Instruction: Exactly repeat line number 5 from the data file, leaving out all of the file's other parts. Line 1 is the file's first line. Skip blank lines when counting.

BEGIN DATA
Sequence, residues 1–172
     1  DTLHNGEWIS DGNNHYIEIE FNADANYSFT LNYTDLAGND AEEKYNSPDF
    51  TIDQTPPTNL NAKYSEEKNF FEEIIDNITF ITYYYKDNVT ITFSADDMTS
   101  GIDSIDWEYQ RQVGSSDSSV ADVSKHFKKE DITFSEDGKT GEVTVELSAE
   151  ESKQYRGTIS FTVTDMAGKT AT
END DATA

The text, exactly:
   151  ESKQYRGTIS FTVTDMAGKT AT